Ms Dore has said that people's positions at the council had been terminated as a result of investigations prompted by the review.
She would not put a number on it, but said there were "very few" instances.
At the council meeting last Wednesday, she also highlighted several new policies, including for purchasing and procurement that she said would tighten processes.
READ THE FULL REPORT BELOW:
Beyond instances of poor or "appalling" behaviour, a number of people interviewed within the report expressed broader concerns about the culture, and about the Ombudsman's impact on council staff. Here are a few extracts below:
"A variety of people shared that they believed that there were former senior officers who were still having a say in CoB workings due to their close personal relationships at employee and Councillor level."
"A number of people raised that over past years they had felt concerned that accurate content was filtered or mis-represented by senior officers who engaged at that level, for purposes that were either predetermined, or as the result of the senior officer not fully understanding the complexities of the matter at hand. Several people provided past examples where non-experts could not answer Councillor questions."
"I see a lot of the management resignations as unnecessary."
"Good people leaving as they cannot stand incompetent management / poor treatment from supervisors and managers, and have concerns about behaviour that some view as corrupt."
IS IT ALL BAD?
No. While much of the attention is likely to focus on the more shocking elements of the report, there is plenty to indicate that a number of interviewees are proud of the work they do and their workplace. Those interviewed were asked for a mark out of 10 to rank their for job satisfaction, and gave an average of six back. There are several instances of people enthusiastic about their roles. "I love my job because it makes a difference," one is quoted as saying.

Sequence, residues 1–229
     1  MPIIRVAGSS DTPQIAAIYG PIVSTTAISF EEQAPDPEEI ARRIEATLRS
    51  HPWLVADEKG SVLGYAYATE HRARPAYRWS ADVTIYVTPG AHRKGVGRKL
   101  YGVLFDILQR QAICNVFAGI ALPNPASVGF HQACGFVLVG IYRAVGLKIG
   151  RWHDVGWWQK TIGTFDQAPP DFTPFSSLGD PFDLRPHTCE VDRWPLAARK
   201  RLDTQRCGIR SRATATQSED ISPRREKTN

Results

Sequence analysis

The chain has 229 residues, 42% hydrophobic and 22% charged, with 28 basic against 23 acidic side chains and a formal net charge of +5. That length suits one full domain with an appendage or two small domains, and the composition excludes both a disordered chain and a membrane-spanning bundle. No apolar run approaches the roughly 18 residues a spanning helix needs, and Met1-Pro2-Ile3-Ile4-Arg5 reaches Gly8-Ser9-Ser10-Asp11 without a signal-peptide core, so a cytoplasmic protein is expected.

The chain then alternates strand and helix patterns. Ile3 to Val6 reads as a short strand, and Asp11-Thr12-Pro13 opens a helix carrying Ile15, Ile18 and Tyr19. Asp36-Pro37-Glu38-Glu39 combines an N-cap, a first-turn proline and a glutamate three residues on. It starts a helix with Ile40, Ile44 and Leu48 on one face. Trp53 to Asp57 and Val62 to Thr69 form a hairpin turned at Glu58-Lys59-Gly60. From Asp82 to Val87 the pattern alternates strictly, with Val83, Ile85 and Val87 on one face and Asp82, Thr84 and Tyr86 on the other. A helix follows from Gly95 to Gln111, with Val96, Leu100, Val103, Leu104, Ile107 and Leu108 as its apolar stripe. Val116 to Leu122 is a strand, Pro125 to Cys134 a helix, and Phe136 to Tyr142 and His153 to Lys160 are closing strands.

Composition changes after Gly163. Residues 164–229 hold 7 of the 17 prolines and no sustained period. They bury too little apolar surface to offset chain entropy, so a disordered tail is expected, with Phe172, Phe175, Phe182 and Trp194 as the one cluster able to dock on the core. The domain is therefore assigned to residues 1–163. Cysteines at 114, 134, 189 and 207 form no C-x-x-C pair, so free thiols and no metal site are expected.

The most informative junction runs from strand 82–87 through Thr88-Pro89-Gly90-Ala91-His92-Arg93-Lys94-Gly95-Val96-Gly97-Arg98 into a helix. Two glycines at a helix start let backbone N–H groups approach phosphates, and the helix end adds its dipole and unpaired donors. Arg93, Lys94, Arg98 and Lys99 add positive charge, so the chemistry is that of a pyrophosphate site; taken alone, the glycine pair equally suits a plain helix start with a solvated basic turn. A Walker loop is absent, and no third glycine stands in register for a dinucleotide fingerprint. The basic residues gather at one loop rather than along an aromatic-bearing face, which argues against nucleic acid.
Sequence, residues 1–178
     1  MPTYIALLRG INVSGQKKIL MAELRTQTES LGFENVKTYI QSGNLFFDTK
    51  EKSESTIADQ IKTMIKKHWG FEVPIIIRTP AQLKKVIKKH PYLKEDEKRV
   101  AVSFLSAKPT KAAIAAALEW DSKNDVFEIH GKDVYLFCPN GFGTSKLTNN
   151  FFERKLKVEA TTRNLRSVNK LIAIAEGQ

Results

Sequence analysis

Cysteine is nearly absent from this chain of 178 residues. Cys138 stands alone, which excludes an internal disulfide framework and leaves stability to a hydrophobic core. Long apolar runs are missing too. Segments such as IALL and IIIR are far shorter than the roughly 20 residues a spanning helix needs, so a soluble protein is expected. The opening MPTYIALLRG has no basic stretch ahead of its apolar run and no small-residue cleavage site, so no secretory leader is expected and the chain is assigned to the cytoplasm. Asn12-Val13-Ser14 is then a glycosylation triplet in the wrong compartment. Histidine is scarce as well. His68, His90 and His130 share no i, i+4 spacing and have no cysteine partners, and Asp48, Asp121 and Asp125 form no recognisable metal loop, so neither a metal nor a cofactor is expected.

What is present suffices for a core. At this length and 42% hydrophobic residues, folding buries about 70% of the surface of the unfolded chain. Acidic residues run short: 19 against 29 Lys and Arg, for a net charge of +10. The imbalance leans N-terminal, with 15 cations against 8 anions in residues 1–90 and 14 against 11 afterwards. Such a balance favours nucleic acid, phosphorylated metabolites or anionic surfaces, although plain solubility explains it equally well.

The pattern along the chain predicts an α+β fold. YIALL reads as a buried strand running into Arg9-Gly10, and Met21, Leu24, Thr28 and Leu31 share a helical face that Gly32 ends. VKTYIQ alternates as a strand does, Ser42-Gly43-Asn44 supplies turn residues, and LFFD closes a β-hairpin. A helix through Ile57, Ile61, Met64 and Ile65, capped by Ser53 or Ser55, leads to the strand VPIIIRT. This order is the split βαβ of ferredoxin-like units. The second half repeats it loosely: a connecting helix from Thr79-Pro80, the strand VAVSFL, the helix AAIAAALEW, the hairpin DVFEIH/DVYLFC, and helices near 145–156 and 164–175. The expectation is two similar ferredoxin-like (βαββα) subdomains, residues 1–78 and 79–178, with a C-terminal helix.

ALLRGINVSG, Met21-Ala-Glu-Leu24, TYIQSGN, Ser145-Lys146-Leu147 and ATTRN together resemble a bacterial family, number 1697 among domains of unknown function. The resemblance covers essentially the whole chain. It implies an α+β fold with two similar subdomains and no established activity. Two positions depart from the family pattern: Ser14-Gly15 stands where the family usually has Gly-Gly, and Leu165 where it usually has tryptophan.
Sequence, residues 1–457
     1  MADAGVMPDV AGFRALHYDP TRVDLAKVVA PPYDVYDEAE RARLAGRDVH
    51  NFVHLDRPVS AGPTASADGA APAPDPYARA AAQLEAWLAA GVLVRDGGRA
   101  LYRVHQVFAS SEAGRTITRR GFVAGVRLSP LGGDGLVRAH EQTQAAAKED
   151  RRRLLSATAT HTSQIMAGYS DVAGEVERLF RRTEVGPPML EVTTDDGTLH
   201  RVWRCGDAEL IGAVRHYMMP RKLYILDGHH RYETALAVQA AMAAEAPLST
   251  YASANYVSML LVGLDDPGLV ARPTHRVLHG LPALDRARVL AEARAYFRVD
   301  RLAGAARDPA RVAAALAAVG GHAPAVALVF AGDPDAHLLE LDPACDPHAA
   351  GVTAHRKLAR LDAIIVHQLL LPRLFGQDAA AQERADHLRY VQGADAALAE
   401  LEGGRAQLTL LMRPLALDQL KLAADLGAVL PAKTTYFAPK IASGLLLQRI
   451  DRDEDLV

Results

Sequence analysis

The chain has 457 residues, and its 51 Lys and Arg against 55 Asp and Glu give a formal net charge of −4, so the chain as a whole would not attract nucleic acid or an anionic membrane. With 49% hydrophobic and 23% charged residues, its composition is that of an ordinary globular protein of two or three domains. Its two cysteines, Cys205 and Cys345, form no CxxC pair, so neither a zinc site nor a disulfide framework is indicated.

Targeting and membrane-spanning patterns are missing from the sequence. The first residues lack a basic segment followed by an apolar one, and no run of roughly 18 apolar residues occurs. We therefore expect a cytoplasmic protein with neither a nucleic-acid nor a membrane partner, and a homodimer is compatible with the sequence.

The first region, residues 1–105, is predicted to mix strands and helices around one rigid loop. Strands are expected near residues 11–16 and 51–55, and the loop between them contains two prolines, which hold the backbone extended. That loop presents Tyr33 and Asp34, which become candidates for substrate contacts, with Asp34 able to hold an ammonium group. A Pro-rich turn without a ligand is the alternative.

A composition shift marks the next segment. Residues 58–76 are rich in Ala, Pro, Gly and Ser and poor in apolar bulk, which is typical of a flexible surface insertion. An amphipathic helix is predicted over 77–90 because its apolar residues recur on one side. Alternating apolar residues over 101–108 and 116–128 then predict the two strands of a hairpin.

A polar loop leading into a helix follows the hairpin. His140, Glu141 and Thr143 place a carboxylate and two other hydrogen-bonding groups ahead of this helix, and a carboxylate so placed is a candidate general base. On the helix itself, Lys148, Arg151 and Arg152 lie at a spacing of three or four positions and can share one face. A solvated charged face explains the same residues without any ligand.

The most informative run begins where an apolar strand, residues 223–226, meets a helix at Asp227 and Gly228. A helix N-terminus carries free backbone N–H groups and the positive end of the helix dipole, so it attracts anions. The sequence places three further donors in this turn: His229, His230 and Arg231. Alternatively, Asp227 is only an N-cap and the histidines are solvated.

There are also several references to optimism the culture could improve under new leadership.
Ms Dore emphasised this week her belief that the vast majority of council staff do good work and that she was "very proud of the organisation."
In the City of Ballarat's media release with the report, she said:
"There is no doubt the review highlighted improper and appalling behaviour taking place in our organisation historically."
"While we have already taken large steps forward, this process has given us the opportunity to shine a light on these unacceptable behaviours and to set improved standards, where we can work together to forge a new culture for the City of Ballarat."
The report acknowledges that some of the behaviour described was not widespread. Ms Halliday writes: "While there are employees who have not personally experienced unacceptable behaviour, it is the responsibility of the employer to take the necessary steps to ensure that no-one does."
The main upshot of the report is an action plan, prepared by Ms Dore.
This 16-point plan was noted by councillors at last Wednesday's council meeting. The manner and style of its implementation will largely be in the hands of Evan King, who will replace Ms Dore as CEO on February 15.
The executive team below him, who were appointed by Ms Dore from August through to September last year after the previous executive team all left the organisation, will also play a key role.
WHAT DO YOU THINK OF THE REVIEW? SEND US YOUR THOUGHTS.